Continuing Professional Development
The Institution requires that all Fellows, Members and Associate-Members who are in or seeking active work take all reasonable steps to maintain and develop their professional competence and knowledge after election as Corporate Members.The requirement is obligatory, i.e. it places the responsibility for compliance on the individual.
The Institution sets guidelines recommending what should be done. It does not set specific penalties for non-compliance, although failure to carry out Continuing Professional Development could be interpreted as professional misconduct for which the penalties prescribed by the Institution in the By-Laws could ultimately be imposed. CPD achievement is measured in input terms, specifically in hours. Recommendations are made for the amount that a specific type of CPD activity may count towards the overall requirement. CPD achievement should be recorded and authenticated
The Institution reserves the right to monitor a member's Continuing Professional Development achievement, through inspection of the member's CPD Record.
During the early years following graduation, Associate Members' focus will be on meeting the Institution's requirements for Corporate membership. However, as their careers develop, they will need to identify the professional development needed to keep themselves employable and enhance their career prospects. Such professional development is also necessary if they are to continue to benefit from the standing and recognition they have already achieved as a Corporate member. The Institution obliges all members to carry out the CPD necessary to maintain their professional competence.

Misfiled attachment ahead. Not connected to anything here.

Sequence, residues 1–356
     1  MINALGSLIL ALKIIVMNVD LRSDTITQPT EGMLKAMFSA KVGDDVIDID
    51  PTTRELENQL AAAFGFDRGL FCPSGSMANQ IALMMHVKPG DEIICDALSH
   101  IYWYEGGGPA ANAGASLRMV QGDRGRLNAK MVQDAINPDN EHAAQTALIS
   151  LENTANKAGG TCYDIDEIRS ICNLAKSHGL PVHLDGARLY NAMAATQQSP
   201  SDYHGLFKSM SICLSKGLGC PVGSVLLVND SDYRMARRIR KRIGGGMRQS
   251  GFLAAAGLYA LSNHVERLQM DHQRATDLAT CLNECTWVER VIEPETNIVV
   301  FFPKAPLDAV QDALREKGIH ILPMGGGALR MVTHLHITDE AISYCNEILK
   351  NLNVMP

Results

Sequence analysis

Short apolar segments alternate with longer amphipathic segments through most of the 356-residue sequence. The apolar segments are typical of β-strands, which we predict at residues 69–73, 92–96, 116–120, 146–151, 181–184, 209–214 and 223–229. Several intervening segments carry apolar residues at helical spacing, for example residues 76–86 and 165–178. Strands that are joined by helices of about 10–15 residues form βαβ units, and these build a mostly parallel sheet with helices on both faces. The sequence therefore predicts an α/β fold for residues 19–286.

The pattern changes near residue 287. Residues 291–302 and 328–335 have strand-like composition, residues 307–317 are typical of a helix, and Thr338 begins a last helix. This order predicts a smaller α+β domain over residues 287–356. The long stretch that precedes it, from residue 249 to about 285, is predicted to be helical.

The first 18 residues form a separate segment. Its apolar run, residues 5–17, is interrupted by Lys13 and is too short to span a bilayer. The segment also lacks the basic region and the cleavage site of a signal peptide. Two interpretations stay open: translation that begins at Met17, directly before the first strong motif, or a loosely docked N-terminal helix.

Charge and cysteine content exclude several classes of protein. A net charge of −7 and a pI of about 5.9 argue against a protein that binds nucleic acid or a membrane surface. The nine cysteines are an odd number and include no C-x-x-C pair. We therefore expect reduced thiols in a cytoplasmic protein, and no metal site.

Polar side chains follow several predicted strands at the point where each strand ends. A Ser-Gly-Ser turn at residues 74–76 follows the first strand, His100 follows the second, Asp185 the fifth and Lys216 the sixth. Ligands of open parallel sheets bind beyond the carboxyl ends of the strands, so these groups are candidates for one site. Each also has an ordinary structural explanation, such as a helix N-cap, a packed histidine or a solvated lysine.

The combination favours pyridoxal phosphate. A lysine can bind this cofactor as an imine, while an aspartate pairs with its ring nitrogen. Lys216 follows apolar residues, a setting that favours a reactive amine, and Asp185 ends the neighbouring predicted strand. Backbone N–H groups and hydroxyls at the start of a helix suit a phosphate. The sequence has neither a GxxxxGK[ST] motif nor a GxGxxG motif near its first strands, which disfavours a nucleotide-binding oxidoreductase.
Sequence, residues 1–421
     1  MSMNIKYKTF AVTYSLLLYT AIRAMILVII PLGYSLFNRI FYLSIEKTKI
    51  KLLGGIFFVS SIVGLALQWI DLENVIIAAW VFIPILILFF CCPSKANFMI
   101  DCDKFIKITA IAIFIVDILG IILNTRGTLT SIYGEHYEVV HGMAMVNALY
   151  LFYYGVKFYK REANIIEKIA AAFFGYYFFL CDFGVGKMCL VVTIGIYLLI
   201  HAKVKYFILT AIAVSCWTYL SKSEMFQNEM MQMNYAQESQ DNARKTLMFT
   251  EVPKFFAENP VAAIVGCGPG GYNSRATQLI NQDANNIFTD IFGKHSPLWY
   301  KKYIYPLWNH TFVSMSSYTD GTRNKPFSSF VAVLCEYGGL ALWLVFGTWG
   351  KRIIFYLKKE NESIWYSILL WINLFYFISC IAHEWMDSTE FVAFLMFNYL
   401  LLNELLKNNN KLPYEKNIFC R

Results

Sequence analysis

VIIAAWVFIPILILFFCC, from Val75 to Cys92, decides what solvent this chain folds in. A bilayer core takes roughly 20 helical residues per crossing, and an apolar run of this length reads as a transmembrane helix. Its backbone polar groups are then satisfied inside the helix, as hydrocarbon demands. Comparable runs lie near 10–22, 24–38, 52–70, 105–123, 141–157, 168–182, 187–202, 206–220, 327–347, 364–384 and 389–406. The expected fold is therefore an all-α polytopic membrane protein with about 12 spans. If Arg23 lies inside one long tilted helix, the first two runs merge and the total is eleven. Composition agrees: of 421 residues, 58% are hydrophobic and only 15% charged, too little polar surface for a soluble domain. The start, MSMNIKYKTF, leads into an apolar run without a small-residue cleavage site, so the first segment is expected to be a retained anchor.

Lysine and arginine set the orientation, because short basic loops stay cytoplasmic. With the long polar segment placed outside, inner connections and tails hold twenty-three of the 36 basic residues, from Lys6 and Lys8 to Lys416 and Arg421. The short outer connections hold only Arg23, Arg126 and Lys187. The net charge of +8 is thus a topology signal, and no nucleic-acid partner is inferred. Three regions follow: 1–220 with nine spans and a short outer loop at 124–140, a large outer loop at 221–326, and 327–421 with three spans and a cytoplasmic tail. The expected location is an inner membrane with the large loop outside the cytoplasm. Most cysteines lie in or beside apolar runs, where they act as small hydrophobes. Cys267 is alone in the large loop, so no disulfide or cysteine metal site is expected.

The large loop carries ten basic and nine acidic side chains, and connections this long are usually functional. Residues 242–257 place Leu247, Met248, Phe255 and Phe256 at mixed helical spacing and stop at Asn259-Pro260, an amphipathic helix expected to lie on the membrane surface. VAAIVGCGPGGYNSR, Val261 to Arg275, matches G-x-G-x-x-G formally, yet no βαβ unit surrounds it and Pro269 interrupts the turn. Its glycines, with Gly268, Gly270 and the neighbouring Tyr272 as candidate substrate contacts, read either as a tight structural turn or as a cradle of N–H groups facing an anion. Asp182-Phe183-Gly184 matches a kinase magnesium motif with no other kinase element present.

If a member's career is to be fulfilling and successful, it is vital that they maintain and build upon the professional competencies they have developed. This remains the case whether it is intended to seek promotion, greater responsibility, a change in career direction, or simply to maintain employability.
Increasing demands for accountability, tighter regulations, wider legislation, new technologies and, of course, business needs affect the employability of all professionals. Whilst members' employers may help with professional development through mechanisms such as an annual appraisal system, members' needs may go beyond their employer's business objectives and so it is necessary that members are able to plan and direct their own development, and to do it methodically.
Identifying Continuing Professional Development Objectives
The Institution sets out the professional development objectives which all members are required to achieve before becoming Corporate Members of the Institution. These are aimed at providing a sound foundation for a career in naval architecture/marine technology. However, beyond this point members' professional development objectives will be much more individual in nature and will be determined by both their employers business needs, and their own ambitions and career goals.
Members' employers may operate an annual appraisal scheme that will encompass employee development. As a result, members may well be set development targets by their employer. However, the objectives identified for members by their employer are likely to be focused on the employers' business needs.
Members current employment may not give the breadth needed to maintain all of their skills or the opportunity to develop the new skills that they will need should they wish to take their career in new directions. It is therefore likely that members will have to identify further development objectives for themselves.
Types of Continuing Professional Development Activity
Professional development can be achieved through a range of activities, both in and outside of the workplace. However, for any activity to be considered as contributing towards development in relation to meeting the Institution's requirements for Continuing Professional Development, it must be related to the member's own career as a professional naval architect.